Finding planets out in the Universe is pretty hard. Neptune wasn’t directly observed until 1846 despite being in our own solar system. We didn’t start discovering planets outside the solar system until 150 years after Neptune. Like Neptune, we find them (though indirectly), through visible light. However an international team of researchers may have just made the first detection of an exoplanet through radio emissions created by the planet’s aurora.
Using the Netherland-based LOFAR (LOw Frequency ARray) Low Band Antenna, radio emission data was captured from three solar systems: 55 Cancri, Upsilon Andromedae, and Tau Boötis. Each of these systems contains known exoplanets. The research wasn’t to discover new exoplanets but test whether the known planets in these systems could be detected by looking for the radio signals. Planets emit radio signals created from interactions between their magnetic fields and the plasma or “solar wind” radiating from their parent stars. When plasma from a star becomes entangled in the magnetic bubble around a planet – the magnetosphere – visible aurora is created just like the Northern/Southern Lights we see on our own planet. Aurora also creates radio emissions that travel light years through space.
Radio emission detection adds a new possible method of exoplanet hunting. Of the three solar systems observed, star system Tau Boötis showed a promising result which the team believes could be a radio emission from a planet. Tau Boötis resides 51 light years from Earth in the constellation of Boötes. The system contains an F-class star (Tau Boötis A) about 50% larger than our own Sun and 3 times more luminous. The star has an M-class red dwarf companion (Tau Boötis B) that orbits at a distance of 220 AU; more than 7 times the distance that Neptune orbits our own Sun. The main F star has a known gas giant exoplanet called Tau Boötis Ab. Tau Boötis Ab was actually one of the earliest discovered exoplanets detected in 1996 using doppler spectroscopy.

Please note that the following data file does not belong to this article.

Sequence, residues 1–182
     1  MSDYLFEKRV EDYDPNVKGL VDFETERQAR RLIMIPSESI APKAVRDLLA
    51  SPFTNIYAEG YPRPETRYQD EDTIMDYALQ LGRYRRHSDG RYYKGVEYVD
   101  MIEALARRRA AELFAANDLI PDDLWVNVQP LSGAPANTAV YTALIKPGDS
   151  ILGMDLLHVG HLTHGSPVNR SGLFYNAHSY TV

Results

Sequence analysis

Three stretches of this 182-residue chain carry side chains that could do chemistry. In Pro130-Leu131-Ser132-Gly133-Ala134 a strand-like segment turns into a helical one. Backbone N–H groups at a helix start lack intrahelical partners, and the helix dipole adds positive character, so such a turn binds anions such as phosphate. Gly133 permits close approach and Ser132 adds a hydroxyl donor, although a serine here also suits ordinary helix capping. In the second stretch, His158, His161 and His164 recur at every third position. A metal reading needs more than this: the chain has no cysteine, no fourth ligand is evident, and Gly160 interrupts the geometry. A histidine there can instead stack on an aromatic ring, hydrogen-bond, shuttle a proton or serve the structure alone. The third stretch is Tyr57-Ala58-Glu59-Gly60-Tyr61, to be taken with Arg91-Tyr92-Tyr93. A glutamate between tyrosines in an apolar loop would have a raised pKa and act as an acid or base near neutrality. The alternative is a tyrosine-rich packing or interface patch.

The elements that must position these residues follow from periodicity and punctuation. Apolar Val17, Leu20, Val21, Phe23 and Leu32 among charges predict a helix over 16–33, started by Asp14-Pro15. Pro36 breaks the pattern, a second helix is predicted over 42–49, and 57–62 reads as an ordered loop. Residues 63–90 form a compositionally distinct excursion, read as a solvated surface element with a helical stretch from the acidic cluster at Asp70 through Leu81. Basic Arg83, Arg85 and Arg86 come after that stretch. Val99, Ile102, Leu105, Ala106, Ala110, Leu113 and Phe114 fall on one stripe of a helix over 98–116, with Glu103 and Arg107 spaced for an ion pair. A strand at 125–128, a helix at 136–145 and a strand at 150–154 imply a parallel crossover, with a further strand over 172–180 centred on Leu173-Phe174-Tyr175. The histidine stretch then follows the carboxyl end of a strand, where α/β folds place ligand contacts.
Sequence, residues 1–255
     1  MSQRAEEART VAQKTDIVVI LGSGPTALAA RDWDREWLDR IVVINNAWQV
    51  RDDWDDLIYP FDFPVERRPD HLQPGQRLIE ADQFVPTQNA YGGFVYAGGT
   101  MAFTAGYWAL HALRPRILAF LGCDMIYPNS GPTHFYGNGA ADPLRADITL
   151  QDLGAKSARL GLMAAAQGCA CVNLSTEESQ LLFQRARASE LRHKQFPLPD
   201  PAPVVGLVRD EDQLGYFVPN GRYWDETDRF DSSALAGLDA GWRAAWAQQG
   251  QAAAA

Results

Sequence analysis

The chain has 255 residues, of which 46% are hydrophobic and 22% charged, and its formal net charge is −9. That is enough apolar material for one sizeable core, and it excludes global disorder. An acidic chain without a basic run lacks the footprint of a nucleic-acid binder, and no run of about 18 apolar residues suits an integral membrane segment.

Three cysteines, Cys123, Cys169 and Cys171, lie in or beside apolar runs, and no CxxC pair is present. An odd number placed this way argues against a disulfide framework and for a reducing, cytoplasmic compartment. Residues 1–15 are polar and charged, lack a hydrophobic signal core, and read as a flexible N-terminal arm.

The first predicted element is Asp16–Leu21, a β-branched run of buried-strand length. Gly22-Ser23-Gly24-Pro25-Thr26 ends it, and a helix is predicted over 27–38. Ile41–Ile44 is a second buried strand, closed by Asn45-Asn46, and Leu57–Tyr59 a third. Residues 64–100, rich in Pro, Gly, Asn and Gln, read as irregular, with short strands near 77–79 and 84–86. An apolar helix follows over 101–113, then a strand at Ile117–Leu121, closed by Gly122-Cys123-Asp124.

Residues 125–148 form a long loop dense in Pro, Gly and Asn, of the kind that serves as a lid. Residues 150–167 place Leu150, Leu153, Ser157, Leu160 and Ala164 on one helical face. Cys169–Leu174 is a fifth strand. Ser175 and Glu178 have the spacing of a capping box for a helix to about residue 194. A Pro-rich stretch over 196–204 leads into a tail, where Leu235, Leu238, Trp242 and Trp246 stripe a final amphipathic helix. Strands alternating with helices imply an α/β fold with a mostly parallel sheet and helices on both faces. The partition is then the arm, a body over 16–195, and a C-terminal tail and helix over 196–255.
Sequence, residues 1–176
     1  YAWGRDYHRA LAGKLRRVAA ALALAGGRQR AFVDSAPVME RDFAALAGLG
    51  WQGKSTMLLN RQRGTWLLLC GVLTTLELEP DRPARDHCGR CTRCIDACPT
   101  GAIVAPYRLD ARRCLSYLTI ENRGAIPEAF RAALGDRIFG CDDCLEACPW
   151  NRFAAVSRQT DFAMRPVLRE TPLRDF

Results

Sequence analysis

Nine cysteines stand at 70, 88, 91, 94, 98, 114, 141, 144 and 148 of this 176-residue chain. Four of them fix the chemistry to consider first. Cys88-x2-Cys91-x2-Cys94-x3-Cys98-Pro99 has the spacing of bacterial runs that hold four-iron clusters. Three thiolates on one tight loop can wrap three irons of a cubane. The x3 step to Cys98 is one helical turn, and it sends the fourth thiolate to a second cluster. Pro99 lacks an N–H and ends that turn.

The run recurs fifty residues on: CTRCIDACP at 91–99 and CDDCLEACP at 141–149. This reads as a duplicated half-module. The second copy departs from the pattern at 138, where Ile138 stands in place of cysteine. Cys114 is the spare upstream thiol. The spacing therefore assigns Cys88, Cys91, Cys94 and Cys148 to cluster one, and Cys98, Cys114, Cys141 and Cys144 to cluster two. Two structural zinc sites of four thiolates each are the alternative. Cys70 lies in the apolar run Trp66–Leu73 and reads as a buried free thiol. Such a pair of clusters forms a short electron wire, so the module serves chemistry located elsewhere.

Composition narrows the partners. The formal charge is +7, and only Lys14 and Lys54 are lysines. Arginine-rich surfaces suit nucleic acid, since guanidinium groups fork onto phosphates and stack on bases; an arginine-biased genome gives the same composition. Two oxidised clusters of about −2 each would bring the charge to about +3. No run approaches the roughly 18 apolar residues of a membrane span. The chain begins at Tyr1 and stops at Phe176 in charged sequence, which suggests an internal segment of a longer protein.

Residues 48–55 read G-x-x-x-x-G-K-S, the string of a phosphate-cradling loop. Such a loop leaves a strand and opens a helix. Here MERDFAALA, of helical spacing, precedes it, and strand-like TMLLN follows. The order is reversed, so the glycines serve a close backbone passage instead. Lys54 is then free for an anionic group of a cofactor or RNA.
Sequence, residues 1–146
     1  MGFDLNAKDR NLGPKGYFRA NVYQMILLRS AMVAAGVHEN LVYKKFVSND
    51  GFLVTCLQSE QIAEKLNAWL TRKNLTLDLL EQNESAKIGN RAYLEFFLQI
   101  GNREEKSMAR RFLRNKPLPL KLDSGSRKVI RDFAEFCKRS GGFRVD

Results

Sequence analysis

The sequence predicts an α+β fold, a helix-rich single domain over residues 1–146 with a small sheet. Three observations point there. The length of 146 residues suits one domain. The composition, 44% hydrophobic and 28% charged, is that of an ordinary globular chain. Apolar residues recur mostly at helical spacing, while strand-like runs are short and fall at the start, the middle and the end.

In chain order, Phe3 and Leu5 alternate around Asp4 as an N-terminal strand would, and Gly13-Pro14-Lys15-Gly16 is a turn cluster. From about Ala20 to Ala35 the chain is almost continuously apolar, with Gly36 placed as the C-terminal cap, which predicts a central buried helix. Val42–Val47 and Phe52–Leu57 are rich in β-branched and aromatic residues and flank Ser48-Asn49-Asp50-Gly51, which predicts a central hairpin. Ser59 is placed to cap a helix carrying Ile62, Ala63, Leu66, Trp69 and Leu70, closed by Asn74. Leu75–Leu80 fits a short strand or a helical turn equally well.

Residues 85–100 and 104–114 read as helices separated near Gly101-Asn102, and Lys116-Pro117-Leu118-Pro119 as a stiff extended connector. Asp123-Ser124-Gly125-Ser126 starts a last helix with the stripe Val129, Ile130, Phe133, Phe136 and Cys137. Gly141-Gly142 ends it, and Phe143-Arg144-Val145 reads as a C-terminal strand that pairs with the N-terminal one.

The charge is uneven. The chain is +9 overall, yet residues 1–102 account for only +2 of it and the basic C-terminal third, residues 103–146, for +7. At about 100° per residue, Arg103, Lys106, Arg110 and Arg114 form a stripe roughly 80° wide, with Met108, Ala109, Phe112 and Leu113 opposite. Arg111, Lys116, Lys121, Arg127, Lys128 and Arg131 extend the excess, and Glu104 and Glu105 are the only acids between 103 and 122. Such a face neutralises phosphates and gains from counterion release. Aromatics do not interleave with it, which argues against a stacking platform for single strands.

There is strong evidence the radio signal from the Tau Boötis system is emanating from the planet itself. Tau Boötis Ab is a “Hot Jupiter” gas giant that orbits one seventh the distance that Mercury orbits our Sun. Its year is just 3 days long. The proximity to the star makes Tau Boötis Ab an ideal candidate for radio emission observation. Entangled so closely in the stellar plasma, the planet’s magnetic field becomes supercharged creating radio emissions a million times stronger Jupiter’s.
The planetary radio emission can be more power than the star’s emission which distinguishes one from the other. The detected signal also showed a degree of polarization expected from auroral planetary radio emission which is also distinct from other astronomical objects. However, stellar flares and outbursts can sometimes be polarized meaning the radio source could originate from Tau Boötis B, the dwarf companion star, as M dwarf stars are known for violent solar flares. As the team notes: “follow-up observations are required to confirm the presence of this faint signal, and subsequently verify its origin.”